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There is a good deal of irrational fear of cellphones - the UK hospital 'total ban' policy being a good example.  Coincidentally, a lot of hospitals had very lucrative deals with external providers to provide bedside phones to patients - at huge cost to those who called them
Another good example is the policy of banning their use at petrol station forecourts.  Do the maths - how many times in the last twenty years have cellphones been used next to petrol pumps?  Probably millions, if not tens of millions.  How many documented instances of fires being caused?  None at all.  So, what are the odds of a fire being triggered now?

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  # 896915 17-Sep-2013 13:25
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Klipspringer: Cellphones left on while traveling on a plane probably cause more chaos on the mobile network than to the plane itself. 
Imagine how many times a phone will be switching bases stations at low altitude and when travelling at speed. Who knows if they will actually work at 30 000feet? The signal from a base station can surely reach that height? Probably not? Maybe JohnR can comment?

Anyhow. I read somewhere that Air NZ pilots are now using ipads 

Yes, cell phones (or at least cellular modems) do work at high altitude. A New Zealand product is the Flightcell DZM which uses cellular (and satellite) phone netwroks for tracking recreational and commercial planes.
Air New Zealand have at least trialled them (in conjunction with their iPads), and may now be using them regularly.
I'll find out if/when the DZM typically switches from preferred cellular to satellite on commercial flights in New Zealand. A light aircraft flight from Christchurch to Nelson had continuous cellular coverage the whole way.

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  # 896920 17-Sep-2013 13:35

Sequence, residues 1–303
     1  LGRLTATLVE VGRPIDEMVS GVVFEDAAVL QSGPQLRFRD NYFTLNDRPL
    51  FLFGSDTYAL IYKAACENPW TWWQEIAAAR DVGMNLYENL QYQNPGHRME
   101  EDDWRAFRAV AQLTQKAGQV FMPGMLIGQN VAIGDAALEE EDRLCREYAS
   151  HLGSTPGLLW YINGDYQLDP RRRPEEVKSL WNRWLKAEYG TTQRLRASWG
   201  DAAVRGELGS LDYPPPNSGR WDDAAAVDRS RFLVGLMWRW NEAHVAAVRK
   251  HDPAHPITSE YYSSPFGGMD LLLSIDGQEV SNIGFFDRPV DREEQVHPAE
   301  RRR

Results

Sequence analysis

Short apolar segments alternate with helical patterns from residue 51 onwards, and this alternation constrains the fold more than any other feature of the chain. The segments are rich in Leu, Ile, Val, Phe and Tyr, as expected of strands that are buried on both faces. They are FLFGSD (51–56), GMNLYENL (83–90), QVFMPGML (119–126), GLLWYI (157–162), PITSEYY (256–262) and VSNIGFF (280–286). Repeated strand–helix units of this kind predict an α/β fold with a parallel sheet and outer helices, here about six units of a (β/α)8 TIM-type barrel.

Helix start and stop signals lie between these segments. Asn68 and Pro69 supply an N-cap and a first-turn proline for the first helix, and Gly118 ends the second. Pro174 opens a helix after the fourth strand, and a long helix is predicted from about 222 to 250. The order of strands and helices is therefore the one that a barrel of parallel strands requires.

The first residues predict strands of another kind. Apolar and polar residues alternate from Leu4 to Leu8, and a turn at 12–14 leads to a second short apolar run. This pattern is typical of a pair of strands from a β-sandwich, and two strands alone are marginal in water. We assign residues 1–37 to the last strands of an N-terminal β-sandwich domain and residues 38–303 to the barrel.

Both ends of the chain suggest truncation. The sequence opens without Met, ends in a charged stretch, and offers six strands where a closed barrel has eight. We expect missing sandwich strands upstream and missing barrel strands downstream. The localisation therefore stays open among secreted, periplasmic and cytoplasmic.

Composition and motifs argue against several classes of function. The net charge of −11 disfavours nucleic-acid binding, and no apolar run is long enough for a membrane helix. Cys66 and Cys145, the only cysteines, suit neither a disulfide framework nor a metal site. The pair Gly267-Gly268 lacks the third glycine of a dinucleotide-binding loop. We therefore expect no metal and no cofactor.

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Just the other day when filling up I noticed that cellphones needed to be switched off when putting in petrol.

This was at a Z station.

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  # 896959 17-Sep-2013 14:16
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What REALLY annoys me on a plane is that the catchall ban on "or other electronic devices" has resulted in my being asked to switch off my camera when taking photos on several occasions, during descent.

My protestations that it has no transmitting function just falls on deaf ears and the one time I tried to be smart and ask the flight attendant when was the last time she heard of a camera being used to take over an aircraft, just resulted in much rolling of the eyes and and a "just switch it off please sir".

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Uber Geek
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  # 896969 17-Sep-2013 14:25
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Bee: I'm convinced devices to block cell phone signals are a myth - otherwise they would be used in all movie theatres!


No Myth a Church was fined in New Zealand for turning one on every Sunday morning and taking out a local cell site even stopping 111 calls